Filed Under:Claims, Litigation

Preliminary Analysis: The Cincinnati Horseshoe Casino Floor Collapse

An Engineer's Perspective on What Went Wrong

Although operations have resumed at the downtown Cincinnati construction site where a second-floor collapse injured more than a dozen workers, questions about both cause and culpability linger.

On the morning of Jan. 27 at the Horseshoe Casino job site, a steel beam supporting the second floor of the structure buckled while concrete was being poured. As a 60-by 60-foot section toppled downward, 13 construction personnel suffered fairly minor injuries, including cuts, bruises, and broken bones, for which they received treatment at a local hospital. One of those workers remains in “serious condition.”

In the ensuing days, the city of Cincinnati and Messer Construction Co. have been fielding a battery of questions amid speculation about the integrity of building practices and safety protocols at the site of the $400 million project.

The official cause of the structural failure—and thus any implied negligence or potential wrongdoing—remains open to conjecture until official reports are issued, pending a full investigation by Occupational Safety & Health Administration (OSHA).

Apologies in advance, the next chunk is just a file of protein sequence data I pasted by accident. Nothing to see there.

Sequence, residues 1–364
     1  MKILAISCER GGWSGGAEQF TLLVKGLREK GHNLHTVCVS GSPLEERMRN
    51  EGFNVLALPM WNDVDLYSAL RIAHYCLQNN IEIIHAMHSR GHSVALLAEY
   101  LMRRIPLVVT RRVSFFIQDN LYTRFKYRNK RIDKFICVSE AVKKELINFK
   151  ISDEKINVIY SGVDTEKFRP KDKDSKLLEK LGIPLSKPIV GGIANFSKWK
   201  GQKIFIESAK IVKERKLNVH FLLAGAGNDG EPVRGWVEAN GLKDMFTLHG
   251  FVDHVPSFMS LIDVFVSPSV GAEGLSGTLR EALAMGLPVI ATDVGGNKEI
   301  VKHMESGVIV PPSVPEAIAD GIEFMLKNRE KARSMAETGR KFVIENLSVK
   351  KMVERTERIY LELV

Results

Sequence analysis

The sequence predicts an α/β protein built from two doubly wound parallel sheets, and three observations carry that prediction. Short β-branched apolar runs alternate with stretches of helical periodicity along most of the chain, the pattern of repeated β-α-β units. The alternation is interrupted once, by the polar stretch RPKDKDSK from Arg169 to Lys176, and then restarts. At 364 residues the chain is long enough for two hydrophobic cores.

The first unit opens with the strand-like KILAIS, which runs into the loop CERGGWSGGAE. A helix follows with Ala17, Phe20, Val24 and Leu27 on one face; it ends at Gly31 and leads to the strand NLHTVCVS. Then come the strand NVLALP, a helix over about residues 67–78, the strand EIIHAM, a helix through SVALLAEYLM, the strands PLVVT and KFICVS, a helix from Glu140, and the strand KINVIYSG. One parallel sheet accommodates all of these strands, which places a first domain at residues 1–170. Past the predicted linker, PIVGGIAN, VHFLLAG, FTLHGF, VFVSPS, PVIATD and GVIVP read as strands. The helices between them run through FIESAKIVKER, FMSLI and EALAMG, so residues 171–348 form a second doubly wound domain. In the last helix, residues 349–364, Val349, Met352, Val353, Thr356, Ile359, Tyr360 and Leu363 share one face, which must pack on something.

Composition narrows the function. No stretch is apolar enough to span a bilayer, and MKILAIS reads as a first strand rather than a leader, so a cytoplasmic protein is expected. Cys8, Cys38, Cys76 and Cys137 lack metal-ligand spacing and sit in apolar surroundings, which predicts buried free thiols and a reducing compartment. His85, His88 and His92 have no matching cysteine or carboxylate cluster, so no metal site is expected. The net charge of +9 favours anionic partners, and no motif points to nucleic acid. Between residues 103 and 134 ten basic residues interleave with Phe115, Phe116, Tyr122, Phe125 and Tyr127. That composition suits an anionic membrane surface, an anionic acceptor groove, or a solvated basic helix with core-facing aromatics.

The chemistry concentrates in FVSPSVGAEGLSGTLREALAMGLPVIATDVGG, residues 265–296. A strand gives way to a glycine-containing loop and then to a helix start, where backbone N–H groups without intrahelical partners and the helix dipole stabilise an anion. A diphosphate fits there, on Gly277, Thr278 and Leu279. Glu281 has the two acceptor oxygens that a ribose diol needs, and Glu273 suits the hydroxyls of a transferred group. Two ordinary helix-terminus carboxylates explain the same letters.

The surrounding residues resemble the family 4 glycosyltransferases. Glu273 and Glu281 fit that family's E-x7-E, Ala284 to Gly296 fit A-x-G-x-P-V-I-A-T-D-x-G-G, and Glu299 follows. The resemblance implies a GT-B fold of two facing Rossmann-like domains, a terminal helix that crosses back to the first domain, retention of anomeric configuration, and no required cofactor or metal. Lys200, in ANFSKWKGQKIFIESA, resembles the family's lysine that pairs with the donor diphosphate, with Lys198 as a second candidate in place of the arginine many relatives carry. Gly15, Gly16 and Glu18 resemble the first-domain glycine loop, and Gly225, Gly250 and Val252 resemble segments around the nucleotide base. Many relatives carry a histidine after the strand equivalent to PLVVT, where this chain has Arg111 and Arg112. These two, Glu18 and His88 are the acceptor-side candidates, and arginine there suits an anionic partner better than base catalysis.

What is known, however, is that construction managers at the Horseshoe Casino job site employed the use of temporary connections, which Amit Ghosh, chief building inspector, described as “a standard building method used today.”

During a meeting with the members of Cincinnati Council’s Sub-Committee on Transportation and Infrastructure, Ghosh explained “the collapse brought changes [to] the construction process,” adding that construction managers have “proposed to make all connections permanent” moving forward to ensure the safety of all parties involved.

“Our project design and safety teams have reviewed all aspects of the construction, safety and inspection protocols, and we are implementing additional procedures to prevent this from happening again,” said Tom Keckeis, Messer president and CEO.

Indeed, certain “additional”  precautions are already discernible at the site, including a second full-time safety manager overseeing the project, and demolition of the collapsed floor, which began on Friday, Feb. 3.

A Nuts-and-Bolts Guide


This incident occurred less than a month after a similar Cleveland casino accident. At present, reports are chalking this up to mere coincidence, as developers insist the cases are not linked.  

What follows is Charles C. Roberts’ assessment of what might have caused the failure, based on photographs and information received from various sources. Roberts is a regular contributor to Claims Magazine and is the president of C. Roberts Consulting Engineers Inc., which provides professional engineering services in accident reconstruction, failure analysis, fire causation, explosion analysis, and biomechanics.